— London Pride - Or When the World Was Younger • M. E. Braddon

... lips to form a 'Thank you,' as she put the bank-note in her pocket, and then began silently to clear the table, her thoughts in a tumultuous whirl. Ten dollars! Her father's hired man received a dollar a day. She had been working hard for years, and had received nothing but the barest necessaries in the way of clothing, purchased ...
— A Princess in Calico • Edith Ferguson Black

... from the Hon. Thomas Baillie, then Surveyor-General of the Province. Mr. Baillie complimented him on his attainments, but refused to appoint him to the office. When Mr. Monro got back to St. John he had but two shillings in his pocket, and with this meagre sum he started on foot for home. Before he had gone far he found a job of masonry work and earned fifteen shillings. With this money he returned to St. John, and purchased Gibson's "Land Surveying" and some ...
— The Chignecto Isthmus And Its First Settlers • Howard Trueman

... for you," replied Ellen. "You need not wait for me; I have the key of the house door in my pocket, and can let myself in whenever I ...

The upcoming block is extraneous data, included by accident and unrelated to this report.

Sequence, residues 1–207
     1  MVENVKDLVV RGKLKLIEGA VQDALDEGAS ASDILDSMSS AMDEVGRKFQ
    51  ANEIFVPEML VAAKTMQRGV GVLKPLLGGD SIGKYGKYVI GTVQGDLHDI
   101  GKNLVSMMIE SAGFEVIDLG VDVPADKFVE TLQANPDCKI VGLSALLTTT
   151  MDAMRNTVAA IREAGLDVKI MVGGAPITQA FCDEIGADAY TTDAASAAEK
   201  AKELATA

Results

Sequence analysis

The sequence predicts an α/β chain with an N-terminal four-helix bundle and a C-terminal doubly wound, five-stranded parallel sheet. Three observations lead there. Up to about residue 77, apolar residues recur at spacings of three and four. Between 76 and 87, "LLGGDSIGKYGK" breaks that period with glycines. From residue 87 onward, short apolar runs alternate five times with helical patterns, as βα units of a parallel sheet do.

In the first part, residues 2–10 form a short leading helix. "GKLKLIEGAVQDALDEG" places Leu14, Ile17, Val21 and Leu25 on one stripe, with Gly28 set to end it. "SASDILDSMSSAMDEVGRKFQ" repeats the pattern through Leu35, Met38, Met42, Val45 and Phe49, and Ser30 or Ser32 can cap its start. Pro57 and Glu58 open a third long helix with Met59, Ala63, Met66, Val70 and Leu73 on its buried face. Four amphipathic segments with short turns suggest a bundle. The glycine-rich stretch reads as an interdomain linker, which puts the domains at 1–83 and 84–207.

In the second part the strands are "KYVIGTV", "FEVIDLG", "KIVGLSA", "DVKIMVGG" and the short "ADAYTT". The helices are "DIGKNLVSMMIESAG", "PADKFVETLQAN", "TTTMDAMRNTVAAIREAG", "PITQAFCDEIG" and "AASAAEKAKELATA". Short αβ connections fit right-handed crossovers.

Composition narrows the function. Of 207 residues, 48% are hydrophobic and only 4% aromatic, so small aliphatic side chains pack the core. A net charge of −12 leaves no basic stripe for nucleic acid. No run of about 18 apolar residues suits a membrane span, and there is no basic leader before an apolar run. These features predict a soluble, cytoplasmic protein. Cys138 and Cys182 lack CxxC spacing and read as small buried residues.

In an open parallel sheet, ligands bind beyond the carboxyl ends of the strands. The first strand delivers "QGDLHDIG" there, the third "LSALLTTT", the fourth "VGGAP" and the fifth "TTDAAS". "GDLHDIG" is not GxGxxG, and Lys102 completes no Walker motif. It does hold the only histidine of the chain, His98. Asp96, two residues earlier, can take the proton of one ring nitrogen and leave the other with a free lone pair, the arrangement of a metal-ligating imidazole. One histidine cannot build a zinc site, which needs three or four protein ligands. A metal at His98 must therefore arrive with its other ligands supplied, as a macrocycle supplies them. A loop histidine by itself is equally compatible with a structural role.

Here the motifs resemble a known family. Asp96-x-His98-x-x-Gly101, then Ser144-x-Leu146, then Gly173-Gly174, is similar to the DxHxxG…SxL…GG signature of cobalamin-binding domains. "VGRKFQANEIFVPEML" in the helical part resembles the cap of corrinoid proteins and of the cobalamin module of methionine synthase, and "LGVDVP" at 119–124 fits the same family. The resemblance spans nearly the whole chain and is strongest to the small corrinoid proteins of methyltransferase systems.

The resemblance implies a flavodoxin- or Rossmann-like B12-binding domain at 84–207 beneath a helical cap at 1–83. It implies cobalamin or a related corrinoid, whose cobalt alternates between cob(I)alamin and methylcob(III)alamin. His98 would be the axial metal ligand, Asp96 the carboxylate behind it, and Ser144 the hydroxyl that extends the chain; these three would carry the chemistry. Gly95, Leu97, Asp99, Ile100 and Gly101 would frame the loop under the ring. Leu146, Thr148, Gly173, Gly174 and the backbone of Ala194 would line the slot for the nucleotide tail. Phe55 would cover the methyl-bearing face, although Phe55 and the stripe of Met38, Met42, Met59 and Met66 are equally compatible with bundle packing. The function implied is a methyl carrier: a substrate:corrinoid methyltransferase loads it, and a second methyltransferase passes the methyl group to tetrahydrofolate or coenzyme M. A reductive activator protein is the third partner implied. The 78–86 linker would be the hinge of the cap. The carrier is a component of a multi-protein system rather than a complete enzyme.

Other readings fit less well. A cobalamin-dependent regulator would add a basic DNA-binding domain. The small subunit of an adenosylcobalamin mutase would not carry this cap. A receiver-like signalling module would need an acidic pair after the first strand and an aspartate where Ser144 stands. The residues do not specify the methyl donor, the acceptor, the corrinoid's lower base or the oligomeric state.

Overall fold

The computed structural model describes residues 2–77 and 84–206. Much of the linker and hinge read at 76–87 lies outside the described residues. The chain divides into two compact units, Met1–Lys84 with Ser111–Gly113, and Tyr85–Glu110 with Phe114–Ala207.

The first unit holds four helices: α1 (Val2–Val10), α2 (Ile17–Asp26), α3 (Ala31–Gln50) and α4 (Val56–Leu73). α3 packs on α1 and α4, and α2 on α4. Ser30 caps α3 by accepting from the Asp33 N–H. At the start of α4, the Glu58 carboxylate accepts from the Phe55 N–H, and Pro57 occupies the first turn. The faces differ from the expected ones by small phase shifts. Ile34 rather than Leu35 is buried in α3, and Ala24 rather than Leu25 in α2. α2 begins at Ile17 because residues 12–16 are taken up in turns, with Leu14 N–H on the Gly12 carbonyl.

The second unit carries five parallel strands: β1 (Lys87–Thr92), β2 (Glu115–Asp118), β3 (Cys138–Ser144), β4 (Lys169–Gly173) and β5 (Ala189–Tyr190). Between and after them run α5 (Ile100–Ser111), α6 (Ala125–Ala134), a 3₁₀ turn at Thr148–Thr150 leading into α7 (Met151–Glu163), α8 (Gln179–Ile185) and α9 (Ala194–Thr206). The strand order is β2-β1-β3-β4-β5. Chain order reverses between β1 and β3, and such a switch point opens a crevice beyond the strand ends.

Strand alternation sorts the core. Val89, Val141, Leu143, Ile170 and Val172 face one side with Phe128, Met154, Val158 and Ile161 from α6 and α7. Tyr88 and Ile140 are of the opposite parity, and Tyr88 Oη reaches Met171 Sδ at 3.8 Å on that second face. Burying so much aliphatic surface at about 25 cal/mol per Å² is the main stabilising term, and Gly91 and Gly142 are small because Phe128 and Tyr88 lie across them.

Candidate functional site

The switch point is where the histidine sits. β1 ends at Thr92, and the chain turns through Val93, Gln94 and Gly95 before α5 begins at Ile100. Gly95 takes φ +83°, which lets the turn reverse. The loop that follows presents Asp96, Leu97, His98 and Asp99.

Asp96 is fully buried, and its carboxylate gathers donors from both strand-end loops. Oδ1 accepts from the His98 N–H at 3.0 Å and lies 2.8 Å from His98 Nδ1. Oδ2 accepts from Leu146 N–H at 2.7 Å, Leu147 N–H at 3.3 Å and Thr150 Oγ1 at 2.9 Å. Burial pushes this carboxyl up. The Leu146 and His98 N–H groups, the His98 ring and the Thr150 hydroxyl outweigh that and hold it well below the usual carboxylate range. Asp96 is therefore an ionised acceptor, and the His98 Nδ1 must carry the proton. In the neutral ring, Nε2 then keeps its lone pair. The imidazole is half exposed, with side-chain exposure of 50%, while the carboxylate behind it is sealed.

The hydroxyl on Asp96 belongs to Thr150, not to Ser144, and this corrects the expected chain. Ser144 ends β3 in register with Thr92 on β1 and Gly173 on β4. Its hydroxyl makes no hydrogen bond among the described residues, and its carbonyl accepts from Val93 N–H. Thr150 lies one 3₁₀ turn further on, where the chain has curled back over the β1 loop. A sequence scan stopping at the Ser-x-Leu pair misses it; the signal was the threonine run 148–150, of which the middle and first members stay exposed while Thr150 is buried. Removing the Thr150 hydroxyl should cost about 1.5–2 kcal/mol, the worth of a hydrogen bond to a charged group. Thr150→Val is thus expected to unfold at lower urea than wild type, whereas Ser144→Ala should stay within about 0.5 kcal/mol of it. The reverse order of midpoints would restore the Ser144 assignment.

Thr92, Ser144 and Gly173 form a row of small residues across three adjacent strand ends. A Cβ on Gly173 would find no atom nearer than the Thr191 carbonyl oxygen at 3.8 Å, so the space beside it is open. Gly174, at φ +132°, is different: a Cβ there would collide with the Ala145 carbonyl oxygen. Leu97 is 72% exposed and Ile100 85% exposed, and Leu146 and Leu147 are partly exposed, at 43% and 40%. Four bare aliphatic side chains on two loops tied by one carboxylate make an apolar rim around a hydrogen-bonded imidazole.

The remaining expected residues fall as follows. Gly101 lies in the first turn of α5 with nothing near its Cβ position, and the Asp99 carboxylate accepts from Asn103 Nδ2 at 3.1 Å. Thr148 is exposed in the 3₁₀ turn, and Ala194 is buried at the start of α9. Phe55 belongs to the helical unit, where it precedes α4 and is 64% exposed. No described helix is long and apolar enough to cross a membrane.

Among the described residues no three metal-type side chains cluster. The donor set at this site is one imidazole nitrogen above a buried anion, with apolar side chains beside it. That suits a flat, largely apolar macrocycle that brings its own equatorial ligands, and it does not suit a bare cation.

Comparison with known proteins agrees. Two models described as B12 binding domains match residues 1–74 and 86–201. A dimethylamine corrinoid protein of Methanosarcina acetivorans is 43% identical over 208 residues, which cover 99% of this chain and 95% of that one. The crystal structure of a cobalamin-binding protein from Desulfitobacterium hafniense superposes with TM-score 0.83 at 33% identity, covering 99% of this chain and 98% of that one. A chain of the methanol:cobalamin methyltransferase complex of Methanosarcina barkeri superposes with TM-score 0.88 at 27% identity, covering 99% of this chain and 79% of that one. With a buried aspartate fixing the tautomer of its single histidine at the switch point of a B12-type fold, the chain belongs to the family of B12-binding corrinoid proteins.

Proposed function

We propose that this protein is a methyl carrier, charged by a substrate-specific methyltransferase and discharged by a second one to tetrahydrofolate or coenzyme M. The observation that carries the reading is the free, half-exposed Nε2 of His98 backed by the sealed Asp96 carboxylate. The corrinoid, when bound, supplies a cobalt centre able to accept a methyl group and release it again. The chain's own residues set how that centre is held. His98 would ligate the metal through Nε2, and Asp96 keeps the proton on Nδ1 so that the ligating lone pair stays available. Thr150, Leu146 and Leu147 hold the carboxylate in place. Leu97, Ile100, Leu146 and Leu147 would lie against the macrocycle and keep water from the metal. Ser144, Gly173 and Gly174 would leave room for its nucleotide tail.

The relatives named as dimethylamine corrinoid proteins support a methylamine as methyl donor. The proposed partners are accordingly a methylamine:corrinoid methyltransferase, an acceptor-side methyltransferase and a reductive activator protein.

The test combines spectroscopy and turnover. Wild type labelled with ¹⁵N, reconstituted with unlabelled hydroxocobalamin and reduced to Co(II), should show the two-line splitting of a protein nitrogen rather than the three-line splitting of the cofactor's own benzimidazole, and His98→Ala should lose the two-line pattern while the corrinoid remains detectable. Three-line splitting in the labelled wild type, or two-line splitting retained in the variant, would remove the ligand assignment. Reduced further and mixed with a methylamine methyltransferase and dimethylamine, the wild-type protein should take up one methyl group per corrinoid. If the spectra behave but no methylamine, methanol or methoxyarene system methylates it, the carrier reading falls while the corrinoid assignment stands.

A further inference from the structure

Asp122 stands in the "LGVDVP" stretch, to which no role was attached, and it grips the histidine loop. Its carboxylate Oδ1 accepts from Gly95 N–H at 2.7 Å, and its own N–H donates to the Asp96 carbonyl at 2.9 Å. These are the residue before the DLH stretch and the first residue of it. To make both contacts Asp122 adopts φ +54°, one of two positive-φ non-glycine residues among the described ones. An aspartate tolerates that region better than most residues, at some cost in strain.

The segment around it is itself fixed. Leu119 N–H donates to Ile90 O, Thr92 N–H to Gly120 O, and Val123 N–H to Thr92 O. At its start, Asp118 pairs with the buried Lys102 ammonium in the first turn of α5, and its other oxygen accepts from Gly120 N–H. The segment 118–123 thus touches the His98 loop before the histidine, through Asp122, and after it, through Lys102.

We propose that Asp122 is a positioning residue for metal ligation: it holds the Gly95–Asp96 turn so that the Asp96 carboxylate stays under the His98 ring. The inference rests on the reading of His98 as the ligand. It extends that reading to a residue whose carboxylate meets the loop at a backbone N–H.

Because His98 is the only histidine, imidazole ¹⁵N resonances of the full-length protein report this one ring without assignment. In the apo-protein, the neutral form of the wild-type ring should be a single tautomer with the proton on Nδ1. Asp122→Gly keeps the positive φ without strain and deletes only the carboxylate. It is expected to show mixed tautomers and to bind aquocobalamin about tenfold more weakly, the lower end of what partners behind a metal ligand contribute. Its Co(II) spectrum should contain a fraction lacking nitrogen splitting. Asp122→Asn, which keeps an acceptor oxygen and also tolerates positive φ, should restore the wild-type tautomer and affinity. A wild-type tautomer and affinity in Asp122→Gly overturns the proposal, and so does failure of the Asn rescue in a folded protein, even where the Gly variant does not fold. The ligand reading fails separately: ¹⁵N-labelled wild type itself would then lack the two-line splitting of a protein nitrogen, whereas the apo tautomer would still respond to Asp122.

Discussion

— Tales & Novels, Vol. 2 • Maria Edgeworth

... for a prey, even a spoil, as Moses spoiled the Egyptians." Saying this Gideon thrust the king's money into his pocket, and consented to be blindfolded, as was customary, in order that he should not act the spy in his progress. He heard many gates unbarred, many sentries challenged, and the pass-words demanded. Indeed the order and discipline throughout was of ...
— Traditions of Lancashire, Volume 1 (of 2) • John Roby

... the cabinet down, locked the box, and put the key in my pocket. But I did no more packing that night. I came down here to the Club, and stayed as long as I could get anybody to stay with me, and talked of everything under the sun except the one thing which I was ...
— Anting-Anting Stories - And other Strange Tales of the Filipinos • Sargent Kayme

... He looked out of the window and hugged his bundle. Half-way to Old Chester he began to nibble the apple, biting it very slowly, so that he might not make a noise, and thrusting it back into his pocket after each bite with an apprehensive glance at the gentleman in the corner. When he had finished it and swallowed the core, ...
— The Awakening of Helena Richie • Margaret Deland

... upon a dirty piece of paper with a pencil, his table furnished by his knee, and his desk the cover of his closed but well worn Bible. He rose as we drew near him, and bowing politely, gave us a couple of poems which he drew from his waistcoat pocket. ...